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Fifth Night Of Demonstrations Draws Thousands Of Peaceful Protesters Uptown -- Chaos Later

Tuesday marked the fifth day of protests in Charlotte in response to the police killing of George Floyd in Minneapolis. Several thousand people participated in what was one of the city's largest demonstrations in recent memory. But just as in recent days, a peaceful afternoon protest gave way after dark to confrontations between police and protesters uptown. 

Corine Mack
Credit David Boraks / WFAE
Corine Mack, Charlotte-Mecklenburg NAACP president, speaks at a demonstration Tuesday.

Charlotte-Mecklenburg police reported at least two arrests, including one person with a semiautomatic rifle.  

Participants marched through uptown for several hours Tuesday night after speeches at the Government Center. The protest was organized by the Charlotte chapter of the NAACP and a youth group called Kidz Fed Up. 

Charlotte NAACP leader Corine Mack led the rally, urging people to keep fighting for an end to institutions that oppress black people. 

"The system must be broken, and we must break it. We must sacrifice ourselves now so that our children and their children's children live. That's what love looks like," Mack said.

Another young speaker called for an end to immunity for police officers and other reforms and for justice for George Floyd. Although an officer has been charged in Floyd's death, he said an arrest or charges aren't enough: "We want a conviction, for a conviction is the only thing that changes matters."

Speaker Kendrick Cunningham said African Americans must vote to replace elected leaders —from President Trump to members of the Charlotte City Council — who he said are not serving their interests.

"They've forgotten we put them in office, we put them where they are today. And in 2021, it's a city election. And it is time for them to go. It is time for them to go," he said to applause and cheers. 

By the end of the rally, the crowd had swelled. Protesters began marching around uptown under the watchful eyes of CMPD officers on bicycles and in SUVs. 

At one point people chanted as a work crew boarded up the windows on an office building. But this was a peaceful expression of anger filled with chanting.  

Charlotte Hornets player Nicolas Batum was among an estimated 6,000 who attended the march.

Marchers Seek Change

As they marched people talked about their desire for change. A woman named Karissa who didn't want to give her last name held a sign that read "If all lives matter, then why the (heck) do I have to do this." She was marching to make that point.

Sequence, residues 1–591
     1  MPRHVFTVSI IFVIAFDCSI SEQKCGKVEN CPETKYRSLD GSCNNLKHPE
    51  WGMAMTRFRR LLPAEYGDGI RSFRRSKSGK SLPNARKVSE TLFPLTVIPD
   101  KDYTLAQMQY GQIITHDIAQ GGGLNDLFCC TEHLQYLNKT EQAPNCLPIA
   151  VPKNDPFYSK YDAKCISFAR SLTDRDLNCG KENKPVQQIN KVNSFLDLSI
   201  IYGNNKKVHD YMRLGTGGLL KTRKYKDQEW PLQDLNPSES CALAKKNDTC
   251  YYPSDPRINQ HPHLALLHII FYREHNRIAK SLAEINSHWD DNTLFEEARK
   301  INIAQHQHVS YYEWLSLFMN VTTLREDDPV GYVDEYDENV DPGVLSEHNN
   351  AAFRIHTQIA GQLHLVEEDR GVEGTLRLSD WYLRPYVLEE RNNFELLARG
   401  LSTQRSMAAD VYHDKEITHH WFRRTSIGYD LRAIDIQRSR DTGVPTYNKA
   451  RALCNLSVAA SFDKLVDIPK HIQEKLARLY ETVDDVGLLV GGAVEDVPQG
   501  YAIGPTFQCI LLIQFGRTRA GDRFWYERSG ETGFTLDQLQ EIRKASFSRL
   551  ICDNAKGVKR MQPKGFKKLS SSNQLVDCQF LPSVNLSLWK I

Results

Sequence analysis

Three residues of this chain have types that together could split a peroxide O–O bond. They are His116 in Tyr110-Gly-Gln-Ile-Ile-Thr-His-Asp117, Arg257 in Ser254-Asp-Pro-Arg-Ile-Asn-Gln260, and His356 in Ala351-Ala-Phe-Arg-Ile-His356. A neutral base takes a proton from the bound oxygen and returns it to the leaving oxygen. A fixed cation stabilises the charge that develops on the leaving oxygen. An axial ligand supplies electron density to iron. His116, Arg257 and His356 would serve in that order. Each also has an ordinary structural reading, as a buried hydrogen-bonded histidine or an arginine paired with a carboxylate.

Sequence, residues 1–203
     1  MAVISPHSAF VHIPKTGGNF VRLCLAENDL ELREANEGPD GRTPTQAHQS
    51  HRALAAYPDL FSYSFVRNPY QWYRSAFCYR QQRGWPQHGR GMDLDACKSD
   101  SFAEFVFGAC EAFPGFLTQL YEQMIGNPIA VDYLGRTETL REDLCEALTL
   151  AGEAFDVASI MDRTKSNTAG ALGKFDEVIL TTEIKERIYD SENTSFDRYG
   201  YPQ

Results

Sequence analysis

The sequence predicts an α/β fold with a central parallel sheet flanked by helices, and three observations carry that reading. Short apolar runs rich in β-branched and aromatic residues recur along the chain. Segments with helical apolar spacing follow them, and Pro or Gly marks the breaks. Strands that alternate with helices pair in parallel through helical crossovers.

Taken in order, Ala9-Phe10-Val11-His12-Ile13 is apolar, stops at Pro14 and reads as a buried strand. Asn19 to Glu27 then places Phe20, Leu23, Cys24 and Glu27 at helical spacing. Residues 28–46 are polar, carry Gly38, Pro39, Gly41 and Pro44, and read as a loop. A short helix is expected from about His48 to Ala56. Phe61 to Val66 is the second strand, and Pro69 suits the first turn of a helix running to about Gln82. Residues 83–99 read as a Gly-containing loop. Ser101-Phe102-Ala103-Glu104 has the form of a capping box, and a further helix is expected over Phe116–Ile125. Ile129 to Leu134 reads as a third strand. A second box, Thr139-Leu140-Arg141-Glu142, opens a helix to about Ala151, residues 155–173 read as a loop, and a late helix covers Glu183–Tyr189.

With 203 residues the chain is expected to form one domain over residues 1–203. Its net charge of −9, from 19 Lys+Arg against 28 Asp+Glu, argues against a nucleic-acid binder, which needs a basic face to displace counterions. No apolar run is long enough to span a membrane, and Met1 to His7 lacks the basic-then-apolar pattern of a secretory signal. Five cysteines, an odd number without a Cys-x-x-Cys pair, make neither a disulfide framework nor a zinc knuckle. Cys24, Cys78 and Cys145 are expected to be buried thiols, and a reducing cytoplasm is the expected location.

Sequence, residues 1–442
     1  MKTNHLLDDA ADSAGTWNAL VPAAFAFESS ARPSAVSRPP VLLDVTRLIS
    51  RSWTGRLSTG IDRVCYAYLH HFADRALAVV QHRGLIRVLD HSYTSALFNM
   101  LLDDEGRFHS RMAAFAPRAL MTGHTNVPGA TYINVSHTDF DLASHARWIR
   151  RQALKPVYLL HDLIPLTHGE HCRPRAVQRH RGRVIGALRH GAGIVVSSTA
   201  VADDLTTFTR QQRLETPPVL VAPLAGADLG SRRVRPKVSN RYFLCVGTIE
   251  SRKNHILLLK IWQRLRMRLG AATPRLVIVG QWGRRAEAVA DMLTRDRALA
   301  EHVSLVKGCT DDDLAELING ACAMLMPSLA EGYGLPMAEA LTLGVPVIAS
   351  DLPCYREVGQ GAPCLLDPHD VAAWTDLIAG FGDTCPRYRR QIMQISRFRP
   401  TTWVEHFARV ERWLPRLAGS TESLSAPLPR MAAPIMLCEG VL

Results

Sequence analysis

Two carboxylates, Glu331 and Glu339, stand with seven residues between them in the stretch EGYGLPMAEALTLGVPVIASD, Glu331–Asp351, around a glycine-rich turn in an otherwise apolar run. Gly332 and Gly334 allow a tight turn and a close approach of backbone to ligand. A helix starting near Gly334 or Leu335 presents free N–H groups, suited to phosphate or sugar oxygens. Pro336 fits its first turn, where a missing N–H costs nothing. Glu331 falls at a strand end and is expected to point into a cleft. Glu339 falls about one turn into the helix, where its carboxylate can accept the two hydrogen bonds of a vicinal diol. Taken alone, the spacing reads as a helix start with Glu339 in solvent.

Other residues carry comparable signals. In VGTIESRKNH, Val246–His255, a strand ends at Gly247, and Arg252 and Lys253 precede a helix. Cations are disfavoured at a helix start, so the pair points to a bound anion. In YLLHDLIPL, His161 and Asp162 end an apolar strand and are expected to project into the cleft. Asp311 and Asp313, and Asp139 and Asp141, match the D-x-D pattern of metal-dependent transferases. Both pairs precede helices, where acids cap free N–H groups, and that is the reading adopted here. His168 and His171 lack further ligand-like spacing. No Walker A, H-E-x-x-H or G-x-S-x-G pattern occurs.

"The basic principle is, all lives of course do matter, but black lives are being targeted," she said. "It's evident. Tt's obvious by this point there's not justification for it, so we have to acknowledge that in this moment."

At one point, the march stopped for speeches on the steps of CMPD headquarters on Sixth Street. Despite the tensions and confrontations in recent days, there were at least some in the crowd willing to consider reconciliation. Officer Jesus Rendon of CMPD's Constructive Communication Team talked with 21-year-old Joshua Ryant about what he and fellow officers think about the George Floyd Killing.

Officer Jesus Rendon of CMPD's Constructive Communication team talked with protester Joshua Bryant near police headquarters Tuesday.
Credit David Boraks / WFAE
Officer Jesus Rendon of CMPD's Constructive Communication team talked with protester Joshua Bryant near police headquarters Tuesday.

"We think what happened in Minneapolis was wrong. It shouldn't happened and it was murder, straight up," said Rendon. 

"Yeah, straight up," Ryant said.

"People should go to jail. We should be held accountable," Rendon said. 

Rendon said he hopes the protest leads to change. 

"Something good should come out of this, you know. Getting angry over and over again isn't changing anything," he said.   

"We need to be proactive, and find a solution," Ryant responded.

"Absolutely," said Rendon. 

Ryant welcomed Rendon's approach.

"We have to remember it is not all cops that are doing this," he said. "There are people who are cops — bad people. There's a lot of people behind the badge that have good hearts and that's why they're out here marching with us." 

Marchers left police headquarters and made a couple of more stops at the Government Center and Romare Bearden Park. Their numbers kept shrinking until only a few hundred protesters remained after dark.

By 9 p.m., there was no more talk of reconciliation — just another night of tear gas and pepper balls.

Around 9:30 p.m., CMPD tweeted that a "chemical agent" was thrown at an officer on a bicycle.

People live streaming the violence on social media said it was unprovoked. In one incident caught on video by Queen City Nerve, protesters could be seen trapped in a parking garage with officers on both sides using flash bangs and pepper balls.

CMPD blamed protesters for throwing rocks, bottles and chemical agents.

But then at midnight, CMPD said it was "internally reviewing the circumstances that developed this evening on 4th Street to ensure policy and protocol were followed."

That video caused at least two local representatives to tweet that they wanted an examination of CMPD's tactics.

WFAE's Jodie Valade contributed to this report.


David Boraks is a veteran journalist who covers climate change for WFAE. See more at www.wfae.org/climate-news. He also has covered housing and homelessness, energy and the environment, transportation and business.